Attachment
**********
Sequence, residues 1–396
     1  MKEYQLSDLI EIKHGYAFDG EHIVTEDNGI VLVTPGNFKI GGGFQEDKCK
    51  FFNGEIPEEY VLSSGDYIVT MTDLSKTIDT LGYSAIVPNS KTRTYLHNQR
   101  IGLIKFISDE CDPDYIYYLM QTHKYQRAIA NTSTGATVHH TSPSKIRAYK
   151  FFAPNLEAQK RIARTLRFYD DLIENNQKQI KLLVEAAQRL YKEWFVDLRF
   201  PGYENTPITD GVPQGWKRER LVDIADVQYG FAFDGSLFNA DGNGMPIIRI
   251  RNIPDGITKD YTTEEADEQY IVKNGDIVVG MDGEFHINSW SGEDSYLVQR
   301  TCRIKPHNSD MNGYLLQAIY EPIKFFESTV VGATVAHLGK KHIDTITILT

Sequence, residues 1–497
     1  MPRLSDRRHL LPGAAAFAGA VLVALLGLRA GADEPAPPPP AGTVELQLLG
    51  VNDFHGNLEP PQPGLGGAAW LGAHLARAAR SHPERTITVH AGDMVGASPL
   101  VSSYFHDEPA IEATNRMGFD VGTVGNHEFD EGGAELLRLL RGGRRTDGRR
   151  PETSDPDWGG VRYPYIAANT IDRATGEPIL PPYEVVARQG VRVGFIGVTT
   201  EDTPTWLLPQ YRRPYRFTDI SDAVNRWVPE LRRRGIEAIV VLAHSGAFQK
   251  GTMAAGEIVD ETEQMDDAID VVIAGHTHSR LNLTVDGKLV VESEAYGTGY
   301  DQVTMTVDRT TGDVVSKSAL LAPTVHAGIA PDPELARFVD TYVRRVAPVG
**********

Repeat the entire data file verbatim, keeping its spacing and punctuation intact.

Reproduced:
Sequence, residues 1–396
     1  MKEYQLSDLI EIKHGYAFDG EHIVTEDNGI VLVTPGNFKI GGGFQEDKCK
    51  FFNGEIPEEY VLSSGDYIVT MTDLSKTIDT LGYSAIVPNS KTRTYLHNQR
   101  IGLIKFISDE CDPDYIYYLM QTHKYQRAIA NTSTGATVHH TSPSKIRAYK
   151  FFAPNLEAQK RIARTLRFYD DLIENNQKQI KLLVEAAQRL YKEWFVDLRF
   201  PGYENTPITD GVPQGWKRER LVDIADVQYG FAFDGSLFNA DGNGMPIIRI
   251  RNIPDGITKD YTTEEADEQY IVKNGDIVVG MDGEFHINSW SGEDSYLVQR
   301  TCRIKPHNSD MNGYLLQAIY EPIKFFESTV VGATVAHLGK KHIDTITILT

Sequence, residues 1–497
     1  MPRLSDRRHL LPGAAAFAGA VLVALLGLRA GADEPAPPPP AGTVELQLLG
    51  VNDFHGNLEP PQPGLGGAAW LGAHLARAAR SHPERTITVH AGDMVGASPL
   101  VSSYFHDEPA IEATNRMGFD VGTVGNHEFD EGGAELLRLL RGGRRTDGRR
   151  PETSDPDWGG VRYPYIAANT IDRATGEPIL PPYEVVARQG VRVGFIGVTT
   201  EDTPTWLLPQ YRRPYRFTDI SDAVNRWVPE LRRRGIEAIV VLAHSGAFQK
   251  GTMAAGEIVD ETEQMDDAID VVIAGHTHSR LNLTVDGKLV VESEAYGTGY
   301  DQVTMTVDRT TGDVVSKSAL LAPTVHAGIA PDPELARFVD TYVRRVAPVG